Sharpen Your Skills With Our E&O Claim Scenarios
We believe that insurance professional can improve the service that the client receives by sharpening their professional skills by looking over case studies and scenarios that have lead to E&O claims.
Application Submitted to Two Carriers
A client came to an agent seeking life insurance. The application was submitted to two carriers, Carrier A and Carrier B. An application was completed which denied the existence of a pre-existing heart condition. Further during the underwriting, a medical exam was taken and the EKG came back as “irregular.” Carrier A thus requested additional testing and when the client refused this request, Carrier A denied the application. The agent maintained 2 files, one for Carrier A application, and one for the Carrier B application. At this point, the agent closed the Carrier A file.
Carrier B, on the other hand, continued its underwriting. Carrier B asked the client if previous EKGs had been conducted and the client said “no.” It then requested an attending physician’s statement (“APS”) from the client’s doctor but the doctor responded that he had no medical records for her, as he was just a personal family friend. For reasons that remain unclear, Carrier B, nevertheless, concluded that they could waive the APS requirement and issue the policy.
Subsequent to this and to the closure of the Carrier A file, the agent’s office received medicals from Carrier A showing a prior heart condition. These documents were filed under the closed Carrier A file.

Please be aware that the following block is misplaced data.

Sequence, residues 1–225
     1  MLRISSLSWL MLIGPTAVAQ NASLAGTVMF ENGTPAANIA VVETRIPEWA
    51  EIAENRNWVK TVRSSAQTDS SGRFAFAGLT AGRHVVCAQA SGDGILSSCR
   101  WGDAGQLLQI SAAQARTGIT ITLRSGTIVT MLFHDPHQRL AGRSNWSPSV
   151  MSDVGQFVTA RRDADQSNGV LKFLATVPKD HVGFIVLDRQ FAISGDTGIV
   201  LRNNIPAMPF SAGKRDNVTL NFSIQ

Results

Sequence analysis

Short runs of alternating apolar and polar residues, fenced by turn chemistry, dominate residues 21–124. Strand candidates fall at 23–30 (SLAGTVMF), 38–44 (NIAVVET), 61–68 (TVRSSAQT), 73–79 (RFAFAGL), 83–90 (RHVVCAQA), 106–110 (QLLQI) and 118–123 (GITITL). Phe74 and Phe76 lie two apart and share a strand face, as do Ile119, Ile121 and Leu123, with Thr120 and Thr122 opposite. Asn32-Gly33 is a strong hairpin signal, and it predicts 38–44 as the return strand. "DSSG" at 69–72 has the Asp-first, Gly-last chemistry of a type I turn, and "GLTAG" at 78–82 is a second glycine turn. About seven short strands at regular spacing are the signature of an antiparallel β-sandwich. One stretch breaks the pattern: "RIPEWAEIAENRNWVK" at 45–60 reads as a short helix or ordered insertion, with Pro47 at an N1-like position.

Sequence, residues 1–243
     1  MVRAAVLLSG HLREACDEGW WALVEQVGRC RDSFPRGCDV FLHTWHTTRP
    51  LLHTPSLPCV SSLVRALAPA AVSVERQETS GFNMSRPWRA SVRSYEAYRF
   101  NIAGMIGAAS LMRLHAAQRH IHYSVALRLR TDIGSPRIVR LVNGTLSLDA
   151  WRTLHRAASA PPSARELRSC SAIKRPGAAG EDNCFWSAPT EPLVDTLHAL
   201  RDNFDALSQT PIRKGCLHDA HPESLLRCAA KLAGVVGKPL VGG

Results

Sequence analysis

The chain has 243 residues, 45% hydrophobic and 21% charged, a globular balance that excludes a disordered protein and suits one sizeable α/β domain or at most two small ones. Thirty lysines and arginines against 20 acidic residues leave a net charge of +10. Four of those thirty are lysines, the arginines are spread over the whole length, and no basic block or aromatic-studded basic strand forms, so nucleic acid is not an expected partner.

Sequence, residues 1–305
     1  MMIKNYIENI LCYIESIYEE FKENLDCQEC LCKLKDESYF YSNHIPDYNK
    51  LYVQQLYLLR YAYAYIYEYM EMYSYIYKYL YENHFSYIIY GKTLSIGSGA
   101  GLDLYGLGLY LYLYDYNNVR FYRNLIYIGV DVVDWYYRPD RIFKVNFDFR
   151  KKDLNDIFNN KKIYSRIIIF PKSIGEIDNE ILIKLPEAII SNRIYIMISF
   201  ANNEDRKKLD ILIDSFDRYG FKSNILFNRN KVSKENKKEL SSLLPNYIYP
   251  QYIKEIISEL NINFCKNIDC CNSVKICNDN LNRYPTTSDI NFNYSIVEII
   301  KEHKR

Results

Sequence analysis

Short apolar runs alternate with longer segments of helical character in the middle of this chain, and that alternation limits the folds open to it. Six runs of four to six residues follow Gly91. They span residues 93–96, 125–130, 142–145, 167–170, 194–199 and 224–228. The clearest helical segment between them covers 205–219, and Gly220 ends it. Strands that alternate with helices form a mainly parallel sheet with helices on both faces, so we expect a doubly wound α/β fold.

Death Benefit Contested
The client died with the 2 year contestability period of the Carrier B policy. Carrier B then conducted an investigation and denied the claim, contending that its investigation uncovered the pre-existing heart issues which had not been disclosed on the application.
The client’s heirs/beneficiaries (plaintiffs) sued the agent and Carrier B. As against the agent, the plaintiffs made the argument that, even material misrepresentations were made in the application, the agent’s office knew or should have known of the client’s condition inasmuch as it had possession of documents evidencing the client’s heart condition in its office – albeit, in the closed Carrier A policy folder/file – and that had these medicals been passed to Carrier B – prior to the Carrier B policy issuance – Carrier B may have noted the medical condition and issued the policy nonetheless with, for example, a higher premium.
Rights Were Waived
Further, the plaintiffs allege that had the agent advised them of the Carrier B wavier of the APS, they would have been able to argue against the denial of the death benefit at the initial time of its issuance, as Carrier B arguably waived their rights to challenge the policy issuance based on that underwriting decision.
Lessons Learned from this E&O Case Study
The arguments being made by plaintiffs are clearly disingenuous/without merit because of the clear fraud in the application process. But one of the broad lessons of this series of claims scenarios is that the potential of a claim being made against an agent when something goes wrong in a transaction, and a benefit is not paid, is only limited by a plaintiff’s counsel’s imagination. In the above example, imperfect file administration gave the plaintiffs and their lawyer a window of opportunity to set forth a colorable claim of negligence. There is an argument that it is a potential duty of the agent to disseminate the documents showing a preexisting condition at all times. In this case, we merely seek to frame the issue, and we leave it to risk management-wise agents to fashion their own administrative remedy to defend against such a claim.
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